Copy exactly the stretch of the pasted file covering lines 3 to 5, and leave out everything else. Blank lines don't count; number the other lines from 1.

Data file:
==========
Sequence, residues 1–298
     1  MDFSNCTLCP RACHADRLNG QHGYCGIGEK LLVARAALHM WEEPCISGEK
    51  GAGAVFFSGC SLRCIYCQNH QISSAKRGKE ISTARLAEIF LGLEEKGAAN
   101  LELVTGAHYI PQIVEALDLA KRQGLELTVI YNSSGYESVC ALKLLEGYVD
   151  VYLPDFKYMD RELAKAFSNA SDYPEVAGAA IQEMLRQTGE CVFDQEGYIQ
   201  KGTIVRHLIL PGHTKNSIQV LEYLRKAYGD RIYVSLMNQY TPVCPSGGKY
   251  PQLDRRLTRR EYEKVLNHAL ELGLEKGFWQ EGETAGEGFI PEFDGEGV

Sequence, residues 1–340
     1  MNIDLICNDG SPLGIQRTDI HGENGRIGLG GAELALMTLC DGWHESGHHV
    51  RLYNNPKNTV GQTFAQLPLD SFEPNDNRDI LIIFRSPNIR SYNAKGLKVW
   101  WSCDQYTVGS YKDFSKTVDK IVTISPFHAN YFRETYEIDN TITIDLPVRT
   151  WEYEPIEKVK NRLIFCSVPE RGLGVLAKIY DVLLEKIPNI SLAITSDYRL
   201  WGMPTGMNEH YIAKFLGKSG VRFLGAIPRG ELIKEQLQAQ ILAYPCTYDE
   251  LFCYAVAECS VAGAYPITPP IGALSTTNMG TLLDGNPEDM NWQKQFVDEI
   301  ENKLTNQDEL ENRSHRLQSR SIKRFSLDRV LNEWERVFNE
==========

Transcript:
    51  GAGAVFFSGC SLRCIYCQNH QISSAKRGKE ISTARLAEIF LGLEEKGAAN
   101  LELVTGAHYI PQIVEALDLA KRQGLELTVI YNSSGYESVC ALKLLEGYVD
   151  VYLPDFKYMD RELAKAFSNA SDYPEVAGAA IQEMLRQTGE CVFDQEGYIQ